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Federal Judge in NY Tosses Eliquis Lawsuits


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Judge holding documents with gavel on desk

A federal judge in Manhattan has pulled the plug on lawsuits blaming the blood thinner Eliquis for life-threatening complications in patients.

U.S. District Judge Denise L. Cote dismissed more than 50 lawsuits, effectively collapsing the Multi-District Litigation centering on the drug marketed by Pfizer and Bristol Myers Squibb.

The dismissals ordered on November 27, 28 and 29, 2017, cite a ruling Cote issued in May.

In that ruling, the judge made a number of findings, concluding that the warnings on Eliquis’ label were sufficient and that claims against the drug makers were preempted by federal law, specifically regulation by the U.S. Food and Drug Administration.

Eliquis Warnings Cited

“The Eliquis label warns about the risk of serious bleeding no less than five times,” Cote noted in her ruling in the case of Charlie and Ciara Utts, a California couple who had sued because of Charlie Utts’ severe gastrointestinal bleeding they said was caused by the drug.

The Uttses had contended in their pleadings that the labels on the drug should have had more detailed information, particularly saying that dosing should be determined individually to reduce the risk of severe bleeding. They also maintained that people who take the drug should have to be monitored regularly.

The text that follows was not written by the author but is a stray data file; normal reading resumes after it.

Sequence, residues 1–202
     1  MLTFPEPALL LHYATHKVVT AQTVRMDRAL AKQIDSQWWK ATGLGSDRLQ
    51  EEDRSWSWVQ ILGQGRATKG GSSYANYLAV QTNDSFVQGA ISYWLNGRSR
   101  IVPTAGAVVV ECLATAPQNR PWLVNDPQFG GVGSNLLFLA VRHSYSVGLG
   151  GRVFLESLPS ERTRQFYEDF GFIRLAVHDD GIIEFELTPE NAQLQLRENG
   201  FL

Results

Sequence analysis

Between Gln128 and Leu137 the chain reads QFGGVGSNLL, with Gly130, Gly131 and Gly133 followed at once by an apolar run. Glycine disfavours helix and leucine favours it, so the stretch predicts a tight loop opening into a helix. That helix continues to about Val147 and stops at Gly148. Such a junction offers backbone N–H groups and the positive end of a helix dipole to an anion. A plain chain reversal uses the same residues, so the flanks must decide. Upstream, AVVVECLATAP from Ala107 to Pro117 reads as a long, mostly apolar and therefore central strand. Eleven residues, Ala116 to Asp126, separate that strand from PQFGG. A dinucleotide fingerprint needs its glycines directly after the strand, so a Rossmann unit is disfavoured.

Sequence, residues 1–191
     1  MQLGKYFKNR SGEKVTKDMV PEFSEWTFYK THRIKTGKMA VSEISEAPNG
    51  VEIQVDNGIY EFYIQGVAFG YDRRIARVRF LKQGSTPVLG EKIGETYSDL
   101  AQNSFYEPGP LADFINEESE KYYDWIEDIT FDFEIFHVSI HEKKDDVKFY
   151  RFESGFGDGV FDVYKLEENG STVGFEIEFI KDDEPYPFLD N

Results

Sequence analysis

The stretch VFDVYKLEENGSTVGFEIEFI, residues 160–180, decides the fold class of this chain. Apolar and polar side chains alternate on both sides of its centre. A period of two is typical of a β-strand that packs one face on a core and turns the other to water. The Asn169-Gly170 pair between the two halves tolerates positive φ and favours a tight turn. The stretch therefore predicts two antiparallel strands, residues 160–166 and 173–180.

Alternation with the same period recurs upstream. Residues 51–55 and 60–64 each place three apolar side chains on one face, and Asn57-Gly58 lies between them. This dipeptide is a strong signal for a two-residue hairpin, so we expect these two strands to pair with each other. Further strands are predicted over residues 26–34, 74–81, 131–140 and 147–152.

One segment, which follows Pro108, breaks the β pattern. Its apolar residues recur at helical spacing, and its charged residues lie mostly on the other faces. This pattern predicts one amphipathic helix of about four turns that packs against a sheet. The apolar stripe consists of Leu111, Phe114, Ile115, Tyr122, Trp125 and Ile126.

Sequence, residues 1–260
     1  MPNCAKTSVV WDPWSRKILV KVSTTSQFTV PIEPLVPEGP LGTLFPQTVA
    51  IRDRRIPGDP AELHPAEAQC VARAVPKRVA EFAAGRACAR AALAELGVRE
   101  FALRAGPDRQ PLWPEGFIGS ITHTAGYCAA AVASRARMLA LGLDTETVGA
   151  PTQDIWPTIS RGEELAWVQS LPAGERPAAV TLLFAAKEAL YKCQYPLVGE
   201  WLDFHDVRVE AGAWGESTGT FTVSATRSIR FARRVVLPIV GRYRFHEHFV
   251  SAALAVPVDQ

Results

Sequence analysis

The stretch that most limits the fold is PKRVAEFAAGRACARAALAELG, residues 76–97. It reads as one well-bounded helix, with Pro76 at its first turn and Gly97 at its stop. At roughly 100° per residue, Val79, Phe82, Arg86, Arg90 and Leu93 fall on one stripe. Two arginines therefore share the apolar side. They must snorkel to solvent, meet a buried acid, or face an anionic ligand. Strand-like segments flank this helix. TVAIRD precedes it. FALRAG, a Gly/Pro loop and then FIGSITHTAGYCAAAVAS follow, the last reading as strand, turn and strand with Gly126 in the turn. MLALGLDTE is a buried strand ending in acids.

Although plaintiffs cite the fact that there is no antidote to Eliquis when problems arise, Cote observed in the Utts case that “the Eliquis label twice warns about the fact that there is no specific antidote to Eliquis.”

The latest dismissals involve lawsuits that were filed in Delaware after the Utts ruling was issued. Cote said the injured parties failed to demonstrate why their cases were different than the Utts case to allow them to proceed because of differences in the laws in the states where the plaintiffs resided.

Elaine Silvestrini
Written By Elaine Silvestrini Writer

Elaine Silvestrini is an award-winning journalist with 30 years of experience covering state and federal court systems. She joined Drugwatch in 2017. Her coverage for Drugwatch has been cited in the CDC’s Public Health Law News and the USA Today Network. Some of her qualifications include:

  • Centers for Disease Control and Prevention certificates in Health Literacy
  • Experience as an assistant investigator for the Federal Public Defender
  • Loyola Law School Journalist Law School Fellowship
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4 Cited Research Articles writers follow rigorous sourcing guidelines and cite only trustworthy sources of information, including peer-reviewed journals, court records, academic organizations, highly regarded nonprofit organizations, government reports and interviews with qualified experts. Review our editorial policy to learn more about our process for producing accurate, current and balanced content.

  1. Charlie Utts, et al v. Bristol-Myers Squibb Company et al. (2017, May 8). U.S. District Court Southern District of New York. Case No. 16-cv-5668 Opinion and Order. Retrieved from:
  2. In re: Eliquis (Apixaban) Products Liability Litigation. (2017, November 27). Order. U.S. District Court Southern District of New York. Case No. 1:17-md-02754. Retrieved from:
  3. In re: Eliquis (Apixaban) Products Liability Litigation. (2017, November 28). Order. U.S. District Court Southern District of New York. Case No. 1:17-md-02754. Retrieved from:
  4. In re: Eliquis (Apixaban) Products Liability Litigation. (2017, November 29). Memorandum Opinion and Order. U.S. District Court Southern District of New York. Case No. 1:17-md-02754. Retrieved from:
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